Beyond Seun-Sangga: 16 Ideas to go beyond big plans, pp. 124-143
Hyeri Park and Vitnarae Kang (eds.)
Space Books | Seoul | 2015 | ISBN 979-11-87071-00-6
The Seun Arcade area is one of the remaining traditional industrial clusters in downtown Seoul. Most of these clusters date back to the early modern or even pre-modern times and were established along the major roads of Jongno, Euljiro and the former Cheonggye Expressway. Due to the continued transformation of downtown Seoul over the past few decades, many of these original clusters have already disappeared. Their transformation has often been legitimised as a seemingly unavoidable improvement of what were seen as economically underdeveloped or underused, socially decayed, unsafe or even dangerous urban areas. These places were at the same time portrayed as the unsightly legacy of South Korea’s developmentalist past, which should be eradicated and replaced by a new efforts in urban development.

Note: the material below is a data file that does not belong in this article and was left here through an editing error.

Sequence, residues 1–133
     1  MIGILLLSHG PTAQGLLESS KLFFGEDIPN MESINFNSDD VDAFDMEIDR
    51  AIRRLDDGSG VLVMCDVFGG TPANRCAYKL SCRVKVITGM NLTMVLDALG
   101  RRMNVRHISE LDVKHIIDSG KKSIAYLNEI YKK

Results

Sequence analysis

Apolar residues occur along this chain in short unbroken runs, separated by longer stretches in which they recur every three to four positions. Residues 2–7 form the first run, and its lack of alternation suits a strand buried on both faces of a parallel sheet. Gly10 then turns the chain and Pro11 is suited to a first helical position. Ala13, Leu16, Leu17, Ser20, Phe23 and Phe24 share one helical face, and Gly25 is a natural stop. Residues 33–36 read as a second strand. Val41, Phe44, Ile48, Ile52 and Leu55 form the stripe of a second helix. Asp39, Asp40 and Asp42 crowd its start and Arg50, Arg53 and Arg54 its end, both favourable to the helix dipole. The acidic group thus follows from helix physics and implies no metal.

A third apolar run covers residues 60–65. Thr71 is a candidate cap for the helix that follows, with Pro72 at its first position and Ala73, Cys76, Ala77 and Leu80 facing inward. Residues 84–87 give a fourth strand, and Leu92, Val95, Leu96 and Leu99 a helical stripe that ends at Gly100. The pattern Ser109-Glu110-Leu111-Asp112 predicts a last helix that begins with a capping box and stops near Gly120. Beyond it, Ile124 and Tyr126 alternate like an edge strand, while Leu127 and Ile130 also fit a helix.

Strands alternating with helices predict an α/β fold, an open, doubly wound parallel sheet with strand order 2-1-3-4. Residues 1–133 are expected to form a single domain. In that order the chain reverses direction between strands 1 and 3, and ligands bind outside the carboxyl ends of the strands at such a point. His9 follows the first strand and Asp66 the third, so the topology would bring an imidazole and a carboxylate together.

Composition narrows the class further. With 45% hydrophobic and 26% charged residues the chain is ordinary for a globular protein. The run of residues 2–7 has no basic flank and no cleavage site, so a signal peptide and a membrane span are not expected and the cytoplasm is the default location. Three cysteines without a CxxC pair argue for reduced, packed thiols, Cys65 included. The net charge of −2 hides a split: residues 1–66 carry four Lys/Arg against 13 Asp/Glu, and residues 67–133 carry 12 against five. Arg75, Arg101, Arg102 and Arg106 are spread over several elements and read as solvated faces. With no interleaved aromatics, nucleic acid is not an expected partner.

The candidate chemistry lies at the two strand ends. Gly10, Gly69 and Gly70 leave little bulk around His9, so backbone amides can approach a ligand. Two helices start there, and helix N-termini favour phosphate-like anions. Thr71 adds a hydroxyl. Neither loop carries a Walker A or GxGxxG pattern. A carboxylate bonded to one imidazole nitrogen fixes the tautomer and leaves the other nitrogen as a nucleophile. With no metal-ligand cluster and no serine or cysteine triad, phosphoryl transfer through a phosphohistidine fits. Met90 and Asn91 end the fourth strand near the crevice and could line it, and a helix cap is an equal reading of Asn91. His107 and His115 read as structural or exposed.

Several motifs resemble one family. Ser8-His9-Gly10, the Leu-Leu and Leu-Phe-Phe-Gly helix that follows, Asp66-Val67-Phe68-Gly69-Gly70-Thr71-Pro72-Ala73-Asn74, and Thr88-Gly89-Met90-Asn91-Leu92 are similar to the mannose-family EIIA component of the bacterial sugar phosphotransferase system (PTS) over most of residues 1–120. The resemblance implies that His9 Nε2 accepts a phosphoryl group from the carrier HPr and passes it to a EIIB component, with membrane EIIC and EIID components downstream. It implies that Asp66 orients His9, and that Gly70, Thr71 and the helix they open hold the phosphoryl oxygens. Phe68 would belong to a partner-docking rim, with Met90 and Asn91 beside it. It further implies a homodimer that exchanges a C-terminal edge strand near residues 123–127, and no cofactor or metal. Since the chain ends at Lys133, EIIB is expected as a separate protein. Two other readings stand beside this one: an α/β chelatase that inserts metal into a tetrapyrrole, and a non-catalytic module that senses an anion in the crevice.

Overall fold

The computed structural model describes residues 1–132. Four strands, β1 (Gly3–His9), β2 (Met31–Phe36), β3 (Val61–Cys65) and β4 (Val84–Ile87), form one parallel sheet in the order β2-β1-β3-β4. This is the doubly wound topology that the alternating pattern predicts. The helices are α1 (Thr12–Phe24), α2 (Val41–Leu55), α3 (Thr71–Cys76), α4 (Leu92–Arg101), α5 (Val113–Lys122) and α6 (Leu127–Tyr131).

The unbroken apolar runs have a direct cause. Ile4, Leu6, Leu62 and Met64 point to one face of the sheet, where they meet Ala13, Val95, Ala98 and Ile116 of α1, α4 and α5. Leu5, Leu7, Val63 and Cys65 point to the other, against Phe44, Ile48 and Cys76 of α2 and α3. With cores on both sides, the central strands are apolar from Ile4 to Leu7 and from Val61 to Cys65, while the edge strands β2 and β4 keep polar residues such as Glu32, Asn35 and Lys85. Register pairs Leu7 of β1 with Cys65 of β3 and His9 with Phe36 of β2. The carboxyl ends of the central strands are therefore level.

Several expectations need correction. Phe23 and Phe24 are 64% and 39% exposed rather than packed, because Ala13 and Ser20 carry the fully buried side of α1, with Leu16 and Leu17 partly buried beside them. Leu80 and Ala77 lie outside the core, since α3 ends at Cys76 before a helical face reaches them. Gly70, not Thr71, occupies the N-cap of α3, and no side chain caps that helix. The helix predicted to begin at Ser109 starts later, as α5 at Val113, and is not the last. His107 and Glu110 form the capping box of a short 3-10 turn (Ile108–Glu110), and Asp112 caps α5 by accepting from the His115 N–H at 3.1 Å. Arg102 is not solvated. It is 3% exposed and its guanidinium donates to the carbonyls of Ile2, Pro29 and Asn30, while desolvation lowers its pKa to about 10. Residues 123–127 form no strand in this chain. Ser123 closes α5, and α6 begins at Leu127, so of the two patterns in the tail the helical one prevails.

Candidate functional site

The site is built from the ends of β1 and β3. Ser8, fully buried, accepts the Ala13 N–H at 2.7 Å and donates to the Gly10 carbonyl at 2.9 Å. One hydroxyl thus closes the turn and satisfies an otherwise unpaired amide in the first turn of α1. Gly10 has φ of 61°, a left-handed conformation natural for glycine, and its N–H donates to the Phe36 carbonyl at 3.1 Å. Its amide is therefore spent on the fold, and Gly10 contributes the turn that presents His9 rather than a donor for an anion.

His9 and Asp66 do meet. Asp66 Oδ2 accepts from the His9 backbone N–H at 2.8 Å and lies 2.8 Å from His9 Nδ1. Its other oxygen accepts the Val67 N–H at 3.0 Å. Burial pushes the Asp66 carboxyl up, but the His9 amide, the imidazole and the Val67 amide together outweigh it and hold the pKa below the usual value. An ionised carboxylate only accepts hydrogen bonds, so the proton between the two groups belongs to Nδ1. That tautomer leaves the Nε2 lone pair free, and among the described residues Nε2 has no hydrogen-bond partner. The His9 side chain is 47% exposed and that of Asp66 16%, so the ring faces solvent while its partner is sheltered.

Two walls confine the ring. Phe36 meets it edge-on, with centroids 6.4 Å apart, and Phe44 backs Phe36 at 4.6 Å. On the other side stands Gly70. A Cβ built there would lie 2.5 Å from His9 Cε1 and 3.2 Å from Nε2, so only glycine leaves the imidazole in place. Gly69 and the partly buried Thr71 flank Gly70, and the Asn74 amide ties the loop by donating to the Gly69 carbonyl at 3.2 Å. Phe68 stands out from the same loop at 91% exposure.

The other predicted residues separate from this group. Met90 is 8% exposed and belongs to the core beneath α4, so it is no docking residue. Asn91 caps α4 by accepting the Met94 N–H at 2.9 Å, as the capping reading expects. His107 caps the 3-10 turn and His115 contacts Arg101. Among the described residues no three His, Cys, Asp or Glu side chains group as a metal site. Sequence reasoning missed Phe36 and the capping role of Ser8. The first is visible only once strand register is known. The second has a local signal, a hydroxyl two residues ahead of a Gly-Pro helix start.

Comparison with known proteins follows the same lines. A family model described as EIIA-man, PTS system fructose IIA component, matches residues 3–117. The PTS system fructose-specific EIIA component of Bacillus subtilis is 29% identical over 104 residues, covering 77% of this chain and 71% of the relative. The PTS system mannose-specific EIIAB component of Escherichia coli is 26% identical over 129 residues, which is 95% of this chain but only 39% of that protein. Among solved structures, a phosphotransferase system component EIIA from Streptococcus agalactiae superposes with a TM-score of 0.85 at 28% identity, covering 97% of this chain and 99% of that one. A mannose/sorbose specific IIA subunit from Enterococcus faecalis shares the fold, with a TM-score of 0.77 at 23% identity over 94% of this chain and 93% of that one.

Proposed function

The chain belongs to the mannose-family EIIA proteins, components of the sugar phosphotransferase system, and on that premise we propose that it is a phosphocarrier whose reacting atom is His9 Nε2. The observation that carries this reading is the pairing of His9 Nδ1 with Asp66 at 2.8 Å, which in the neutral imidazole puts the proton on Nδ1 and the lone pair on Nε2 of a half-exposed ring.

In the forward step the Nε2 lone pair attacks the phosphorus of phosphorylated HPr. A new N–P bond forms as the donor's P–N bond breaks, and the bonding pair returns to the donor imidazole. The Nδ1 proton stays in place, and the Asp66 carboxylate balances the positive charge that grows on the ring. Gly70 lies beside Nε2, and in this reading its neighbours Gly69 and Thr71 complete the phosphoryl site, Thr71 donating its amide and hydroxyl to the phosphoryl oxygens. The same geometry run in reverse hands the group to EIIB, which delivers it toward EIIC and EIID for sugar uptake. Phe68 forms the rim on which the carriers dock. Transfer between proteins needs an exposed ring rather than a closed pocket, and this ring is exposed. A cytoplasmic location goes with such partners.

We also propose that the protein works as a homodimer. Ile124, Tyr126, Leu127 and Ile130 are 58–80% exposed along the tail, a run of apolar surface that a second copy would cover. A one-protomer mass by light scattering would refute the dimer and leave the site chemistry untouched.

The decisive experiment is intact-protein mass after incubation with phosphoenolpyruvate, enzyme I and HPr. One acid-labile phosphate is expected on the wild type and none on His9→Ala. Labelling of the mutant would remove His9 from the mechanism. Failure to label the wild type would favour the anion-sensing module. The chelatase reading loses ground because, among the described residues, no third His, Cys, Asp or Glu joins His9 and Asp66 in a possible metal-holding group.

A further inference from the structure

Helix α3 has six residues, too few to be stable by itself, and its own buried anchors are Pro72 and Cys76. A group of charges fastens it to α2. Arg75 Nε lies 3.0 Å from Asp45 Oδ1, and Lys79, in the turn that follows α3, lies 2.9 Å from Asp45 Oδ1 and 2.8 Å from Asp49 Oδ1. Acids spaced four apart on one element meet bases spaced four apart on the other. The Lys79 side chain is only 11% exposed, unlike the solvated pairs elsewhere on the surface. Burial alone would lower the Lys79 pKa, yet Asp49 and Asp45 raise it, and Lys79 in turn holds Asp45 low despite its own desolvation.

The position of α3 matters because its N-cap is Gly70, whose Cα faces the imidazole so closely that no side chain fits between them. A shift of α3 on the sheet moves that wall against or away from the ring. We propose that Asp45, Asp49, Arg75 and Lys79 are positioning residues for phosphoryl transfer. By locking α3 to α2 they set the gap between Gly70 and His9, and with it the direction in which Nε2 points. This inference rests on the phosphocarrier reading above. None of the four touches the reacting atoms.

Over many years of on-going urban redevelopment, these traditional industrial cluster have rarely been recognised as important social and cultural assets. Traditional industrial clusters are not only productive, but also dense social networks, which are largely based on thick interpersonal bonds of trust, a strong sense of solidarity among the member, and a shared communal culture. At the same time, the traditional industrial clusters also form distinct cultural forms, which express a particular history of the city, as well as of citizens and their everyday life.
Wangsimni is perhaps not the most representative of many traditional industrial clusters in Seoul. Nevertheless, it had a rather long history of small-sized industrial site. Small workshops, mostly for the metal industry, used to be integrated with larger productive and social networks. Industry has always been deeply intertwined with the everyday life of the area. In this sense, the transformation of Wangsimni offers valuable lessons about traditional industrial clusters, unfortunately now lost, along with its associated communal culture and everyday life, as a results of large-scale urban redevelopment.